Graduates include Ashley Cash, Memphis 3.0 Administrator; John Zeanah, Director of the Division of Planning and Development, a joint agency that serves both Memphis and Shelby County; Paul Young, City of Memphis Director of Housing and Community Development; and John Paul Shaffer with BLDG Memphis, a 3.0 partner that supports the development and redevelopment of healthy, economically sustainable neighborhoods.

Graduate students at the Department of City and Regional Planning at the University of Memphis meet with residents in North Memphis to ask them what assets are unique to their district, what challenges their neighborhoods face, and which areas need improvement.

 

“Our folks are everywhere and they’re having an impact,” Santo said. “If you look around at what’s going on in Memphis in terms of changing the city, the impact that graduates of our program have had has been amazing.”

Santo said it’s been satisfying to see his students matriculate from the classroom environment to become real-world colleagues. One of those graduates is Jessica Mason, an alumn of the Department of City and Regional Planning at the University of Memphis who has transitioned to a career in city planning as planning coordinator at Self-Tucker Architects, a Memphis 3.0 partner.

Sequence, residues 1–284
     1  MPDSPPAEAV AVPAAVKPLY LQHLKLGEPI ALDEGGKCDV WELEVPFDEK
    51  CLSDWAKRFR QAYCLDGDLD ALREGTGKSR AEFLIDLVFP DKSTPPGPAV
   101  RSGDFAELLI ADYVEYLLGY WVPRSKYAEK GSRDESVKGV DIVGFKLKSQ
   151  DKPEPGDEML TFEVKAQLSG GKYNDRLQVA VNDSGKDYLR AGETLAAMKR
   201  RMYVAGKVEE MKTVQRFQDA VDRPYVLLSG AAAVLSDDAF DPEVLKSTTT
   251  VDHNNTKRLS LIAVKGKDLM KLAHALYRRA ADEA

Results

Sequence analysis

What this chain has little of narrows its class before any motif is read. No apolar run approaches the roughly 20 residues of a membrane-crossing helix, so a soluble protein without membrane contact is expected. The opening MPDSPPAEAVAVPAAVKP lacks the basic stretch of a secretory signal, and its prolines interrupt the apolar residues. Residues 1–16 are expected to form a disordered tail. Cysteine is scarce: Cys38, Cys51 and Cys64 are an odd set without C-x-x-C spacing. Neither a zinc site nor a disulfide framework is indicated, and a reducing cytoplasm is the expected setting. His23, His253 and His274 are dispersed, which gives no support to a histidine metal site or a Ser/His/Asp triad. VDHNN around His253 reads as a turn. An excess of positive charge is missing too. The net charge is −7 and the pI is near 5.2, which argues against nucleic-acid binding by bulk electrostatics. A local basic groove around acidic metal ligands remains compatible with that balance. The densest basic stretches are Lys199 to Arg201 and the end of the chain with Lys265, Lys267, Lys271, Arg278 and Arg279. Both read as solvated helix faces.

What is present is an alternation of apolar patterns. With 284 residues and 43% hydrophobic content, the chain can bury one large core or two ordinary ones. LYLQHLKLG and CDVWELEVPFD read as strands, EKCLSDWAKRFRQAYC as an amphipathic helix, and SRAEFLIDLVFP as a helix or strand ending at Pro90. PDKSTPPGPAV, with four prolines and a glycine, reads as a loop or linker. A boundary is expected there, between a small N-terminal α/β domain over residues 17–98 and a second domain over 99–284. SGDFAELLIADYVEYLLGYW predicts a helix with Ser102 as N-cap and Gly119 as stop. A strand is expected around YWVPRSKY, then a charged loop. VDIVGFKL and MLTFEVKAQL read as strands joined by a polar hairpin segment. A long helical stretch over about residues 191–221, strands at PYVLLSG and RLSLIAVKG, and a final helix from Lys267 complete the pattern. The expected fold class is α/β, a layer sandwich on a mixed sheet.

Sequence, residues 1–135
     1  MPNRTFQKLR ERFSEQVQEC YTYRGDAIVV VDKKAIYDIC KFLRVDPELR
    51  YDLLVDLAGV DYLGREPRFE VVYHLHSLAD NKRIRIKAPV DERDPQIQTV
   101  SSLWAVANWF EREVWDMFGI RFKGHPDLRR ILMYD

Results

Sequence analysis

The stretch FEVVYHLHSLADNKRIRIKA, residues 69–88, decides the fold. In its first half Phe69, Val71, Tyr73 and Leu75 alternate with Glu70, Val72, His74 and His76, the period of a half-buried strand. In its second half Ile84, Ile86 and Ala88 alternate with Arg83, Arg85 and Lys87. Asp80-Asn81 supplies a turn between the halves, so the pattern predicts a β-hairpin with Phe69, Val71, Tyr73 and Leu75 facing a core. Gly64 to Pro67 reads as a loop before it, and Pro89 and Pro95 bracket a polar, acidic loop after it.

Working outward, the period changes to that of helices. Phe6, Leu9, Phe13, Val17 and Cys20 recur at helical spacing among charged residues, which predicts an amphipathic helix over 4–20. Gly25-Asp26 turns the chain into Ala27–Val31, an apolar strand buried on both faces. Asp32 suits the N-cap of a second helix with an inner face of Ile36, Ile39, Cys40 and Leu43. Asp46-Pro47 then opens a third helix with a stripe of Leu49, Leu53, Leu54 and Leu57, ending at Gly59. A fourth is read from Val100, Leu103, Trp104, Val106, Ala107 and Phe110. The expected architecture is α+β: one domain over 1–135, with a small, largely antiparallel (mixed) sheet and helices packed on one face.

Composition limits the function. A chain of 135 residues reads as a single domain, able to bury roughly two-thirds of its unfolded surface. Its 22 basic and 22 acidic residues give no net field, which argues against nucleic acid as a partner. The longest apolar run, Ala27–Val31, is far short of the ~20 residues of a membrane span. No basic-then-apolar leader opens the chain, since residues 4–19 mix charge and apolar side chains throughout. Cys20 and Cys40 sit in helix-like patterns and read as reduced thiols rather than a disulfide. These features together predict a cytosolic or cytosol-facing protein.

“The program at the University of Memphis was very hands-on and project oriented, so I felt very comfortable going into the workplace knowing how to analyze data and how to communicate with community members,” she said.
“It really prepared me to feel comfortable in practice. They did a good job with projects that were related to actual issues in Memphis.”

As a graduate student, she worked on the ground in several districts, including Midtown and North Memphis, serving as a facilitator at community meetings in the pre-planning phase of Memphis 3.0 in late 2016 and early 2017 and volunteering in a workforce development focus group.

“It was a chance for me to be part of a real-life planning process, talking to real people, facilitating and using the skills I learned in the classroom in actual practice,” said Mason, a native Memphian whose graduate work engaged her with residents in historic Memphis neighborhoods like Klondike Smokey City and Orange Mound.

“Growing up, I’ve always seen the differences in Memphis,” she said. “As we all know, things can look really different one street over. I’ve always been curious about the relationship between people and place, and asking why things are the way they are and what can I do to better the city I live in.”

At Self-Tucker, Mason’s on-the-ground projects include working with Knowledge Quest, a youth-focused nonprofit in South Memphis, to help create the Greenleaf Learning Farm, an organic farm that uses hands-on learning techniques to educate students about urban agriculture and healthy eating.

Mason continues her 3.0 engagement work by helping to prepare for community meetings and gather information about what resident want to see in their neighborhoods.

“I’m very excited this process is happening during the time that it is … I feel like 3.0 happened just at the right time and I’m excited to be part of the future of Memphis,” she added.

Source: High Ground | Aisling Maki 032118

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Jennifer Carstensen

Realtor & CEO at the Live Love Memphis Group